BiteSCIze with Dr Tami Kalsi

Bitescize is our series of interviews, where top academics and practitioners will be answering our questions on behavioralscience, misinformation and strategiccommunications [eyes emoji]

This week, Dr Tami Kalsi, told us about her role as a Behavioural Scientist making transport more sustainable for people in the West Midlands, and her passion for using behavioural science to improve policy.

Who are you?

Hello! I am a Behavioural Scientist working on sustainable transport for Transport for West Midlands, part of the West Midlands Combined Authority.

I am part of a small dynamic team, known as the Influencing Transport Lab, led by Prabs Johal. The Lab is an expert research unit that a) works with industry and academia to facilitate collaboration in the behaviour change field and b) is dedicated to gathering intelligence on behaviour change in transport and trialing different methods and approaches.

How did you get into Behavioural Science?

From a young age, I was always interested in why people behave and make the decisions they do. This is why I chose to study psychology at University of Leicester. I delved into behavioural science during my PhD, which focused on exploring age differences in reading between young (18-30 year olds) and older adults (65+). The theory underpinning this was rooted in behavioural science as I investigated whether older adults use shortcuts in language processing due to their greater vocabulary and world knowledge compared to young adults. 

My PhD was funded by the ESRC (Economic and Social Research Council), which allowed me to apply for a short policy placement. I was fortunate to be awarded one of two placement opportunities to work at the Behavioural Insight Unit at the Department for Education. There, I became immersed in the world of behavioural science. I thoroughly enjoyed applying behavioural science to complex policy issues, conducting behavioural research in a collaborative setting and working on research with impact.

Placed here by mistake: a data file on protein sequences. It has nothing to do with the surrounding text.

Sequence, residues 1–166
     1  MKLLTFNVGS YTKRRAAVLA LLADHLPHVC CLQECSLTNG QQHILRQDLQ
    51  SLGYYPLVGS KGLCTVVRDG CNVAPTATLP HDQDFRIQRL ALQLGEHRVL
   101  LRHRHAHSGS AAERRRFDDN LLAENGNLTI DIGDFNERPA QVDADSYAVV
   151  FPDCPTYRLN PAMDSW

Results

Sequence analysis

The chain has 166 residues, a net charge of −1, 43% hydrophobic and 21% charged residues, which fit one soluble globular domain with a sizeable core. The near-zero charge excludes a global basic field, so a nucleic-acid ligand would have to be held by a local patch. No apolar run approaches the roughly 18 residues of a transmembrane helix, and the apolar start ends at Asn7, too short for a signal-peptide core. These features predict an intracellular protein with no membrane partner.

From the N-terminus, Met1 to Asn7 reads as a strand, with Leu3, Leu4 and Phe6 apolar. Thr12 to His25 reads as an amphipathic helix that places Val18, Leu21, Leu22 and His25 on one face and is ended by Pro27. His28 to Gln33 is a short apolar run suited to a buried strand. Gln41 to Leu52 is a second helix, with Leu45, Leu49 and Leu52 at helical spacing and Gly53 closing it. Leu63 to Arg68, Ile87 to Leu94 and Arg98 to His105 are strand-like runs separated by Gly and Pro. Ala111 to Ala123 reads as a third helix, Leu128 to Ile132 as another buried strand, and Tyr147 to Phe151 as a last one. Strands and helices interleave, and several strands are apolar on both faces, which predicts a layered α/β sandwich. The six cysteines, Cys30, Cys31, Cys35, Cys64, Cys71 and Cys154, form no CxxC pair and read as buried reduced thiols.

This experience motivated me to join the civil service permanently after completing my PhD. I applied behavioural science to projects at the Department for Education and the Department for Energy, Security and Net Zero before moving to my current role. 

What are you working on right now? 

A large part of my role involves designing and conducting research. Currently, I am excited to be designing research to understand the user need, barriers, perceptions and attitudes towards autonomous vehicles, which will be available at a site in the West Midlands this autumn. Additionally, I will examine the impact of any interventions we implement on the usage of these autonomous vehicles. 

Another aspect of my role involves building capability of behavioural science internally and externally via a portal which we are launching soon. If you’d like to be notified about the launch, please do reach out.    

What do you like most about what you do?

I am passionate about using behavioral science to inform decision making and improve policies. Having grown up in the West Midlands, I am thrilled to be working for the West Midlands Combined Authority and am committed to seeing the area thrive.